What do Wildflowering L.A. sites look like as they go to seed, as all sites are right now? Join us to collect some seeds and take a bit of the project home at the final event in the Wildflowering L.A. project cycle at Site #32, on the UCLA Campus at Sage Hill on Sunday, June 15th from 2-4pm.
Yes, that’s Father’s Day – so bring your gardening-loving dad to collect seeds and participate in the screening of the MOCA TV short documentary on about Wildflowering L.A., tracing the project from its planting through to its seasonal conclusion.
A sampling with images is below to help you distinguish and collect onsite, contributed by Theodore Payne Foundation’s Genny Arnold. For even more information, check out this handout with tips on seed collecting.
Gilia capitata (Globe Gilia) – This member of the Polemoniaceae, or phlox family, forms capsules as it goes to seed. Each section of the inflorescence contains up to three seeds.
Lupinus truncatus (Collared Annual Lupine) – This member of the Fabaceae, or legume family, produces a pod-style fruit. Upon ripening, the pods open to release the seed. A helpful hint for harvesting seed of lupines– a short stocking may be carefully tied over the ripening fruits so that when the pod opens the seed is captured (the aerated material of a stocking is appropriate because it will not cause anaerobic situation wherein mold might form).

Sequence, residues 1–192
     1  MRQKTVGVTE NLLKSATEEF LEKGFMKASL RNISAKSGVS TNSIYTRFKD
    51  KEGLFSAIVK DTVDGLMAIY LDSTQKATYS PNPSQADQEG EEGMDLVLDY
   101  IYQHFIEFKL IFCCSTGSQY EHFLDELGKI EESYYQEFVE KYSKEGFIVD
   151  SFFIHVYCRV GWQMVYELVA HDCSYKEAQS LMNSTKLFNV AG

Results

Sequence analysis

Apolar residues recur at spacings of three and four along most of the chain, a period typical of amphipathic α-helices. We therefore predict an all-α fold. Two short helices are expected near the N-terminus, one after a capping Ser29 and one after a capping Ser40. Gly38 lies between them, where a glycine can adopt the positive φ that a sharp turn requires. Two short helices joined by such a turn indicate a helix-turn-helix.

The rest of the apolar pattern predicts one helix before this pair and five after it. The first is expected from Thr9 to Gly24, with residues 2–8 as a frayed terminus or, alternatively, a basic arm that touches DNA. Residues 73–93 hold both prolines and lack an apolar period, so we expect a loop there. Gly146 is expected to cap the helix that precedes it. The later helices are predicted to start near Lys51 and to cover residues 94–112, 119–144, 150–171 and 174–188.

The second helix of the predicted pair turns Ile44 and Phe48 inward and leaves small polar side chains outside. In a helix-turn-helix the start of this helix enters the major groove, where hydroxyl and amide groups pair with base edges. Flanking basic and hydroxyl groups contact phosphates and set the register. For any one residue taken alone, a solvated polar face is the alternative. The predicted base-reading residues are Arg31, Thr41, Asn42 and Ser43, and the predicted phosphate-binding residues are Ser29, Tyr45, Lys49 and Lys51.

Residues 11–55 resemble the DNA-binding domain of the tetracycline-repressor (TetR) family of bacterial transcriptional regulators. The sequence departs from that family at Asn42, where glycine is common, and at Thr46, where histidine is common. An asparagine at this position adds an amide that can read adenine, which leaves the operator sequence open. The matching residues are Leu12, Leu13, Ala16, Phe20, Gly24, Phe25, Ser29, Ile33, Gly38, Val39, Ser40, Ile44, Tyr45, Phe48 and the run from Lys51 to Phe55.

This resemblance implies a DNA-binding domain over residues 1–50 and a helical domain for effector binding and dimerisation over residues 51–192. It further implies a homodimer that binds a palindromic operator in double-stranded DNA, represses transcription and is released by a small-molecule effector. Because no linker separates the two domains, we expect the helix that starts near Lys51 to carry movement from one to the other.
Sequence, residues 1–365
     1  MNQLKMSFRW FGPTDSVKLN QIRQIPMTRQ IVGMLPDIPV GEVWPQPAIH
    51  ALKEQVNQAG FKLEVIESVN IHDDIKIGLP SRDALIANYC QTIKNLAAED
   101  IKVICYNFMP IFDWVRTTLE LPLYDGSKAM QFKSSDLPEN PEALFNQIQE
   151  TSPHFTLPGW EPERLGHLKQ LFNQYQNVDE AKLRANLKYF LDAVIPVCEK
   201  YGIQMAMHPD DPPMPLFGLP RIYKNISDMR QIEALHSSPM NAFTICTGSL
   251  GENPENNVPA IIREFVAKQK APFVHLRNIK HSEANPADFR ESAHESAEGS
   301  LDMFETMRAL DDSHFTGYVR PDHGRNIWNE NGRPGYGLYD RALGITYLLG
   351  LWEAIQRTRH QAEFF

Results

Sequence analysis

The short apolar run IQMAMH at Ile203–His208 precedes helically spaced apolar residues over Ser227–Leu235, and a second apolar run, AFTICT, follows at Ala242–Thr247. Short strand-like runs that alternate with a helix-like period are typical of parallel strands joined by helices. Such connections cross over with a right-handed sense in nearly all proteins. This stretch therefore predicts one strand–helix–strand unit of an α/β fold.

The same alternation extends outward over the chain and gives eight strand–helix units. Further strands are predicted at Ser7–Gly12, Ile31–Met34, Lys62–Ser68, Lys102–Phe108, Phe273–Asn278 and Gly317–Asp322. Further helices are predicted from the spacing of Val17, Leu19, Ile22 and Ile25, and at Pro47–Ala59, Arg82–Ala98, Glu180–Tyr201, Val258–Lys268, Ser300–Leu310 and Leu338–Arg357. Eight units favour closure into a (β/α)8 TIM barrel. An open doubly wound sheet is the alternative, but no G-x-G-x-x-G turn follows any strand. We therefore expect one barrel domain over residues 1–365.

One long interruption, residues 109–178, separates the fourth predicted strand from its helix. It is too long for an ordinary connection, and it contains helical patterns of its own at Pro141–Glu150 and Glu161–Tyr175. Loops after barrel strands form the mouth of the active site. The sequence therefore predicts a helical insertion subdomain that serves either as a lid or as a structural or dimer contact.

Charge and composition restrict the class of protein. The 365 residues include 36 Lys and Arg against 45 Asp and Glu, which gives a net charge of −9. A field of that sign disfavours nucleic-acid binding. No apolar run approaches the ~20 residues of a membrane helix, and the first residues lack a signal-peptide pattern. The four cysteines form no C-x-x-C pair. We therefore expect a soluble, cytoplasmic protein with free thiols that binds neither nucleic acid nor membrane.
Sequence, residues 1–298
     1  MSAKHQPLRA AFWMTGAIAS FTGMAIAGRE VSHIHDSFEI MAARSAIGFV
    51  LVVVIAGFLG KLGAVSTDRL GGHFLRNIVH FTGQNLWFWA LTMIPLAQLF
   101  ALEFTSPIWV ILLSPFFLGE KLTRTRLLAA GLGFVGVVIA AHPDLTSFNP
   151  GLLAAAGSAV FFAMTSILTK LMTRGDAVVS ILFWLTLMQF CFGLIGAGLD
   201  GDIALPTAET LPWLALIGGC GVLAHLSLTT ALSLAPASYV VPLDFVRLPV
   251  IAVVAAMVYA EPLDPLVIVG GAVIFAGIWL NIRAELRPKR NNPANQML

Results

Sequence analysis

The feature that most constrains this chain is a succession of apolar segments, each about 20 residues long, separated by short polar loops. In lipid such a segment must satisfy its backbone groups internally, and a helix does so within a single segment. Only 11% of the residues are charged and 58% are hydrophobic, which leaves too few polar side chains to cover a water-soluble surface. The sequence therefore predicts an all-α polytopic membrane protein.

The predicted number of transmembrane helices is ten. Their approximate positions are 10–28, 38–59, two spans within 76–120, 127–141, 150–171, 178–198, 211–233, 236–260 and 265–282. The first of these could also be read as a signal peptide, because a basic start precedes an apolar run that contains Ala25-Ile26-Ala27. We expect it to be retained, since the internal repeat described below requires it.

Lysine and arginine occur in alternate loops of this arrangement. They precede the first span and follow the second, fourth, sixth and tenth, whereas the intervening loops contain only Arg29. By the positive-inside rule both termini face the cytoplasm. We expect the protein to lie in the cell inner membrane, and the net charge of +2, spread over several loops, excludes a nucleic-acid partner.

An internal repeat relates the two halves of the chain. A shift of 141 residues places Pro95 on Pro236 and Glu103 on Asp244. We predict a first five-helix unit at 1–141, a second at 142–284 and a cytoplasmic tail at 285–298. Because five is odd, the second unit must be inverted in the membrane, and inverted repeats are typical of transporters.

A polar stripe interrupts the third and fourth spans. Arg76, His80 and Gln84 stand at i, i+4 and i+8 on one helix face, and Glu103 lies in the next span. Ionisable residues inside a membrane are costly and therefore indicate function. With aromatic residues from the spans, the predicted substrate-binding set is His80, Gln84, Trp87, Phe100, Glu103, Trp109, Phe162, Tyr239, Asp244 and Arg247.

Clarkia unguiculata (Elegant Clarkia) – This member of the Onagraceae, or evening primrose family, forms capsules up and down the length of its stem where the flowers once were. Upon ripening, the capsules will be tan and dry and will open slightly at the top, as pictured in the horizontal branch. If the capsules are green, as pictured in the vertical branch, they are not ready for harvest.
Eschscholzia californica (California Poppy) – Members of the Papaveraceae, or poppy family, form seed capsules. In this photo, the elongated capsules are still very green and therefore not ripe. When ripe, they will turn tan and become crisp; upon maturity, the pop open and release the seeds.
Phacelia tanacetifolia (Lacy Phacelia) – This member of the Boraginaceae, or waterleaf family, turns completely brown when its seed capsules are ripe. If you harvest this one, please wear gloves; it has micro-hairs that can cause mild contact dermatitis.